Kitty was laughing and chattering at my side--while all Simla, that is
to say as much of it as had then come from the Plains, was grouped round
the Reading-room and Peliti's veranda--I was aware that some one,
apparently at a vast distance, was calling me by my Christian name. It
struck me that I had heard the voice before, but when and where I could
not at once determine. In the short space it took to cover the road
between the path from Hamilton's shop and the first plank of the
Combermere Bridge I had thought over half-a-dozen people who might have
committed such a solecism, and had eventually decided that it must have
been some singing in my ears. Immediately opposite Peliti's shop my eye
was arrested by the sight of four _jhampanies_ in black and white
livery, pulling a yellow-paneled, cheap, bazar 'rickshaw. In a moment my
mind flew back to the previous season and Mrs. Wessington with a sense
of irritation and disgust. Was it not enough that the woman was dead and
done with, without her black and white servitors re-appearing to spoil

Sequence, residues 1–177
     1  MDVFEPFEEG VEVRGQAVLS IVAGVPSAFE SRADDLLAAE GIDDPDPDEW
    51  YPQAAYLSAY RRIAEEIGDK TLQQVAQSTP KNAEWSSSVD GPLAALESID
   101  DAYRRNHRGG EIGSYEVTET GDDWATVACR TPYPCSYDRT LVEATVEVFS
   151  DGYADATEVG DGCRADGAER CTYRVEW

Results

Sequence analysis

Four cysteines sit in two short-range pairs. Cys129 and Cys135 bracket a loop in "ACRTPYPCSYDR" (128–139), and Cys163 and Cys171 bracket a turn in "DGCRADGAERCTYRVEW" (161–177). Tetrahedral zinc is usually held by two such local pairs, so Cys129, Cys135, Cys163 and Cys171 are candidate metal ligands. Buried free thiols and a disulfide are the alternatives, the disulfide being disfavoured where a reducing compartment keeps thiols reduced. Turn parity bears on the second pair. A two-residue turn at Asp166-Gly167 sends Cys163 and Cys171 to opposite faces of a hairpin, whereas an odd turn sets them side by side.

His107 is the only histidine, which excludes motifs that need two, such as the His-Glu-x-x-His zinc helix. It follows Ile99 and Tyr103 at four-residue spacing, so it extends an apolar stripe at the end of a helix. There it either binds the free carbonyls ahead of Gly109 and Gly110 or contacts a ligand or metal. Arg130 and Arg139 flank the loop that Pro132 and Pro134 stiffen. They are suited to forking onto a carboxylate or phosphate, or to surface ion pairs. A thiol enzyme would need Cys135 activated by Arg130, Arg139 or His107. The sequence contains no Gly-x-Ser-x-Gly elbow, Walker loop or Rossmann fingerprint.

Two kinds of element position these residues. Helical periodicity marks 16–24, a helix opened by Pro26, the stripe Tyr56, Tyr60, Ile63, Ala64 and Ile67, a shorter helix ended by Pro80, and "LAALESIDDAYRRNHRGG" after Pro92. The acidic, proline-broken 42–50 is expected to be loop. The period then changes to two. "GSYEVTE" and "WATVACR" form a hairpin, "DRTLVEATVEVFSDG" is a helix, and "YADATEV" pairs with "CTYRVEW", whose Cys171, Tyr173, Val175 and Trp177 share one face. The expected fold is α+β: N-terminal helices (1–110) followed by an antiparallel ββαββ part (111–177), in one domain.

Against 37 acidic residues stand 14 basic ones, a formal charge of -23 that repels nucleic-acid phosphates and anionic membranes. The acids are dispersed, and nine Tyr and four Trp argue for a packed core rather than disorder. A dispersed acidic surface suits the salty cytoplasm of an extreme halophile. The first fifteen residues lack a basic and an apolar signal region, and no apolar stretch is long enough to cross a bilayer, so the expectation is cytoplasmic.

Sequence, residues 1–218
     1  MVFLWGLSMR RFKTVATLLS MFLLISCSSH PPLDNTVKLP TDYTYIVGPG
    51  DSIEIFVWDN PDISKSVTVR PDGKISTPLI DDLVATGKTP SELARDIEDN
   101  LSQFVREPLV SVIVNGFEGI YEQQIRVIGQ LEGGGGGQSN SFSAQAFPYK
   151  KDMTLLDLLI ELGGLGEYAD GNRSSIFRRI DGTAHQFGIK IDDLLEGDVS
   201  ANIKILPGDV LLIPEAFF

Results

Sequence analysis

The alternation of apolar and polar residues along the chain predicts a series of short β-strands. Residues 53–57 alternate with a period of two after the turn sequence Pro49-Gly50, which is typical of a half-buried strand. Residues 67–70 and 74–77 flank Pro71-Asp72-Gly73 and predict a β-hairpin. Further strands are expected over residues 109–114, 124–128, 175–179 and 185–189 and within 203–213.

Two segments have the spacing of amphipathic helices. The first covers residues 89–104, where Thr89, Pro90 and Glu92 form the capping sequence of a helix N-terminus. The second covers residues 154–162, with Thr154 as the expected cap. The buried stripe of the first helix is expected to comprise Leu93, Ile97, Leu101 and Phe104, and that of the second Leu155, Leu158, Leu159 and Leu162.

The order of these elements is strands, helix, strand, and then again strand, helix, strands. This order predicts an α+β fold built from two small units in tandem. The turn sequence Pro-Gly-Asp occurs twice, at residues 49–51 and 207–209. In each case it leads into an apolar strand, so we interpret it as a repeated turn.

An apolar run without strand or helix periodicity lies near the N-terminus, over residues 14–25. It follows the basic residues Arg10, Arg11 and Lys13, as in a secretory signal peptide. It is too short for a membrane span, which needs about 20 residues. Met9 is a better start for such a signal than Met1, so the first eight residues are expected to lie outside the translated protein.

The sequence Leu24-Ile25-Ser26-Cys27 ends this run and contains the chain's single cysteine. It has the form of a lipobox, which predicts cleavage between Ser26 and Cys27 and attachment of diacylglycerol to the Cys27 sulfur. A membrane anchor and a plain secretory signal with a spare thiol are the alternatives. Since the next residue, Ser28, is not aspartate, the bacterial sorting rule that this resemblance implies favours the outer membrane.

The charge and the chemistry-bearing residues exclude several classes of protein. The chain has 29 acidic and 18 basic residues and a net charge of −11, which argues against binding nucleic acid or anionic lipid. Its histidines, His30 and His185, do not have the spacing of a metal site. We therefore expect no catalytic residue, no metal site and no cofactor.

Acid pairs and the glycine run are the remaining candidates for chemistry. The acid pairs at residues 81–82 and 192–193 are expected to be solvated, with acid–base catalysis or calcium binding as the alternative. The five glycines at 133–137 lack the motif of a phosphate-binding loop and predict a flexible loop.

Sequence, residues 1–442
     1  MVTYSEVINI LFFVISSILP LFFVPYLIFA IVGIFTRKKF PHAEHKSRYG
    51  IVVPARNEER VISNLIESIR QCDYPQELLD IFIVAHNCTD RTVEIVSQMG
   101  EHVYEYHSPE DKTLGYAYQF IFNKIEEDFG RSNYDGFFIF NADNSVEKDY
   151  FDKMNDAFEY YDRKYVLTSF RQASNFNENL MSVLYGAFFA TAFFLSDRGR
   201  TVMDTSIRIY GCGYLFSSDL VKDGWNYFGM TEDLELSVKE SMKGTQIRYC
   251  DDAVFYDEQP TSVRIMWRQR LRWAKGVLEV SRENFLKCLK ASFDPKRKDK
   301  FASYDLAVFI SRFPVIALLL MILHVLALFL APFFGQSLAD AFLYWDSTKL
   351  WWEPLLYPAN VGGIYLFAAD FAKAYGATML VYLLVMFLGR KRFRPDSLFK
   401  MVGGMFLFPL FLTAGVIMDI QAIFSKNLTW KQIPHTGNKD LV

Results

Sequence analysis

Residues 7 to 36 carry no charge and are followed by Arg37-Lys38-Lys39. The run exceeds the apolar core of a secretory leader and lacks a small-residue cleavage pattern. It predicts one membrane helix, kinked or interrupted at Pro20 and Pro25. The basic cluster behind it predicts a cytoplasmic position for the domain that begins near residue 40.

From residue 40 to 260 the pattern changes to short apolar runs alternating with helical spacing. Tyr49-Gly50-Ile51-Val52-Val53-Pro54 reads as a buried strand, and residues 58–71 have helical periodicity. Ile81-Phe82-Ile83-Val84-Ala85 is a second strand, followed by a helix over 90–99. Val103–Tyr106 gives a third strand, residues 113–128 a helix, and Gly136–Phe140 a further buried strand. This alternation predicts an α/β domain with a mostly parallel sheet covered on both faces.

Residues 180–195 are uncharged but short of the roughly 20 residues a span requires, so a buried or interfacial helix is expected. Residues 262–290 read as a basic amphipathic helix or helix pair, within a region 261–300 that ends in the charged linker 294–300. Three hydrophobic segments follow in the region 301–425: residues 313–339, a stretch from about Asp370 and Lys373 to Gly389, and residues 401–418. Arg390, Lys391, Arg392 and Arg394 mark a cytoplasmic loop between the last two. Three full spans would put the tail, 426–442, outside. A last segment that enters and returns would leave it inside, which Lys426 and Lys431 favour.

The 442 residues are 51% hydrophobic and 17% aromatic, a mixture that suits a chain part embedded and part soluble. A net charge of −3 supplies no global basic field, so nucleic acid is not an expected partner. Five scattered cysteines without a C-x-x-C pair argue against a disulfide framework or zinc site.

the day's happiness? Whoever employed them now I thought I would call
upon, and ask as a personal favor to change her _jhampanies'_ livery.
I would hire the men myself, and, if necessary, buy their coats from off
their backs. It is impossible to say here what a flood of undesirable
memories their presence evoked.
"Kitty," I cried, "there are poor Mrs. Wessington's _jhampanies_ turned
up again! I wonder who has them now?"
Kitty had known Mrs. Wessington slightly last season, and had always
been interested in the sickly woman.
"What? Where?" she asked. "I can't see them anywhere."
Even as she spoke, her horse, swerving from a laden mule, threw himself
directly in front of the advancing 'rickshaw. I had scarcely time to
utter a word of warning when, to my unutterable horror, horse and rider
passed _through_ men and carriage as if they had been thin air.
"What's the matter?" cried Kitty; "what made you call out so foolishly,
Jack? If I _am_ engaged I don't want all creation to know about it.
There was lots of space between the mule and the veranda; and, if you
think I can't ride--There!"
Whereupon willful Kitty set off, her dainty little head in the air, at a
hand-gallop in the direction of the Band-stand; fully expecting, as she
herself afterwards told me, that I should follow her. What was the
matter? Nothing, indeed. Either that I was mad or drunk, or that Simla
was haunted with devils. I reined in my impatient cob, and turned round.
The 'rickshaw had turned too, and now stood immediately facing me, near
the left railing of the Combermere Bridge.
"Jack! Jack, darling." (There was no mistake about the words this time: